Verizon yesterday launched its ‘4G’ LTE service, claiming a tenfold increase in speed over its 3G EVDO network, at 5-12Mbps for downloads and 2-5Mbps upload.
The service is initially available in 36 cities and 60 airports, which means it covers about a third of the US population. The company says it expects coverage to match that of its existing 3G network by 2013.
As Verizon doesn’t yet offer any LTE-capable phones, users need to buy one of a pair of 4G USB modems.
And while Sprint offers an unlimited data plan, Verizon’s offerings all carry a cap, with 5GB costing $50 and 10GB $80. There’s a $10 per gigabyte overage fee.
At these prices, Verizon is undercutting its own 3G services in an attempt to capture as much of the market as possible before there’s any more competition. Clearwire is already offering a WiMax network in 68 locations, and T-Mobile plans to bring a 4G HSPA+ network to more than 80.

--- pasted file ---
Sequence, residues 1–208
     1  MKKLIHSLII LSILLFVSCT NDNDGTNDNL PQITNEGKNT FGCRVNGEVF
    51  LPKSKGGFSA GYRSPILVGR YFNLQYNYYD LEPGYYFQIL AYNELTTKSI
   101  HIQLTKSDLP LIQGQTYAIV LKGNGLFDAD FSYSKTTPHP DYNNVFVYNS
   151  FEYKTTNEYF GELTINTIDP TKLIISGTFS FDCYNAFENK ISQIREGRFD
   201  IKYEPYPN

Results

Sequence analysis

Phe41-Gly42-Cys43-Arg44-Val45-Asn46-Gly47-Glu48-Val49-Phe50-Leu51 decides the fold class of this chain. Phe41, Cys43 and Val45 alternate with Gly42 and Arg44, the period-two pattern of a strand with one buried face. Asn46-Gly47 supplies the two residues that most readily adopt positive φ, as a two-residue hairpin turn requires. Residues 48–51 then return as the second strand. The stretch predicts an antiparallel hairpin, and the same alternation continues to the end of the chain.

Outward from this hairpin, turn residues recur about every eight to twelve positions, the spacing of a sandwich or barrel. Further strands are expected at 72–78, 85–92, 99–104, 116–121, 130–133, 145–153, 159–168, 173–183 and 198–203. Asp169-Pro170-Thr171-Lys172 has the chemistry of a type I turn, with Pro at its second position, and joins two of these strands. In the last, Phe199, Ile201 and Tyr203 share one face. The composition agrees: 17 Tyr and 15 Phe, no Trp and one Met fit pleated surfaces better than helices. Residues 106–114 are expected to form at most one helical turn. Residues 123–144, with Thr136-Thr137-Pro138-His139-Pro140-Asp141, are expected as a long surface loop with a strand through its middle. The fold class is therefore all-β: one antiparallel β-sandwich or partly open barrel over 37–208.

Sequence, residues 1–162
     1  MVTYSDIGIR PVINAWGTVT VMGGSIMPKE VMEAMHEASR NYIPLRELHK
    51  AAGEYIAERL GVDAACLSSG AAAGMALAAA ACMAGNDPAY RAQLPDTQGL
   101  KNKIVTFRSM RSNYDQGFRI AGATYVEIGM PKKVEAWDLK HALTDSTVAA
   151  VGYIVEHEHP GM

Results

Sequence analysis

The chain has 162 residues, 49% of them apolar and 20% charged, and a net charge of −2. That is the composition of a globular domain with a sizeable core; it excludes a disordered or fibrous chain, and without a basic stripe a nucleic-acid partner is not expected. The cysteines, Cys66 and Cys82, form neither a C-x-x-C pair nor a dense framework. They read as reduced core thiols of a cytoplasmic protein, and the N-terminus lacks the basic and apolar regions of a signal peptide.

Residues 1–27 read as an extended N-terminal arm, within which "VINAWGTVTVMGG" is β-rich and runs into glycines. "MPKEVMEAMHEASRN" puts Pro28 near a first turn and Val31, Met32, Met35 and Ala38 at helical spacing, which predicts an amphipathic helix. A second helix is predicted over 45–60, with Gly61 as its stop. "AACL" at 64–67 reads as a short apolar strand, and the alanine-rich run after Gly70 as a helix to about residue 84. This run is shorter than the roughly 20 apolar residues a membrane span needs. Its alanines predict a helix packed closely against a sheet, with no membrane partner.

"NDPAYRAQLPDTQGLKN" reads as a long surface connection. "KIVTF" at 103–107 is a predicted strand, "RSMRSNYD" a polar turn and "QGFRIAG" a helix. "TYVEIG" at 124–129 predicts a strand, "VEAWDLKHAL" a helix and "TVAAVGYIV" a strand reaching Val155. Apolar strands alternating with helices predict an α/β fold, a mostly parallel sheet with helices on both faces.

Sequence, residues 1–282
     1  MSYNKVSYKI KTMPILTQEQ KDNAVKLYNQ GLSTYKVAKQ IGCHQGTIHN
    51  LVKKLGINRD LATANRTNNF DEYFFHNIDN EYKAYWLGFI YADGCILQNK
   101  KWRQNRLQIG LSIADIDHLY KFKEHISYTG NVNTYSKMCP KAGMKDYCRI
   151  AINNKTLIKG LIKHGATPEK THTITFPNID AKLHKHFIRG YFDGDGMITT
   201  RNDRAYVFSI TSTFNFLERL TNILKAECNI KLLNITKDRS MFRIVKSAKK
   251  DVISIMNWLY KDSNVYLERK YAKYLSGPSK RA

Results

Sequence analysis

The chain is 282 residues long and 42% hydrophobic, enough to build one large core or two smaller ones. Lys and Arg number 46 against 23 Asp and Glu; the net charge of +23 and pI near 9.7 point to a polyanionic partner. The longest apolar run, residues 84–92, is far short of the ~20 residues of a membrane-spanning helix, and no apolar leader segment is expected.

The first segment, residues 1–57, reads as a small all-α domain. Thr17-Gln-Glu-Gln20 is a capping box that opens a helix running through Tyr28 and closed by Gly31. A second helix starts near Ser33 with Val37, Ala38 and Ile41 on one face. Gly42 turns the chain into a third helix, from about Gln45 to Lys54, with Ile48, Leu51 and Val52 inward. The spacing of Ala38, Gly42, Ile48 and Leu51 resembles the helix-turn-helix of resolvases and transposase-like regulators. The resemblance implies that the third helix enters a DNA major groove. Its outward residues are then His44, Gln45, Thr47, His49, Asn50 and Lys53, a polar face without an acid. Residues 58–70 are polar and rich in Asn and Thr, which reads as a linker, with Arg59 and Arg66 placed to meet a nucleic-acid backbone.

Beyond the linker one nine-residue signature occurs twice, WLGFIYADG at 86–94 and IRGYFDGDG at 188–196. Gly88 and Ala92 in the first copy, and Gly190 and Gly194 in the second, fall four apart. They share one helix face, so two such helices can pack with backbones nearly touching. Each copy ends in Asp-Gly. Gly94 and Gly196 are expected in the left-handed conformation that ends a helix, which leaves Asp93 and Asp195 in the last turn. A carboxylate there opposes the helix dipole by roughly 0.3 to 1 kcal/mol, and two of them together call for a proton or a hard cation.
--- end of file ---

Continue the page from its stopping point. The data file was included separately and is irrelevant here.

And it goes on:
“In addition, Verizon is hoping to capture a significant share of customers in the 4G market before AT&T jumps into the 4G arena in 2011, so expect more 4G/LTE announcements and increased competition for 4G customers in the coming year,” says Forrester analyst Michele Pelino.
AT&T is also using HSPA+ technology on its existing 3G network, and plans to start rolling out its 4G LTE network in the middle of next year.
But despite the hype – and the greatly improved speeds – none of these existing networks is truly 4G. “In keeping with marketing hype, [Verizon] calls it a 4th generation network, though true 4G technology standards have yet to be finalized,” points out Gartner analyst Phillip Redman. “This version of LTE is a pre-cursor.”
The technology won’t be mature, he says, until 2015.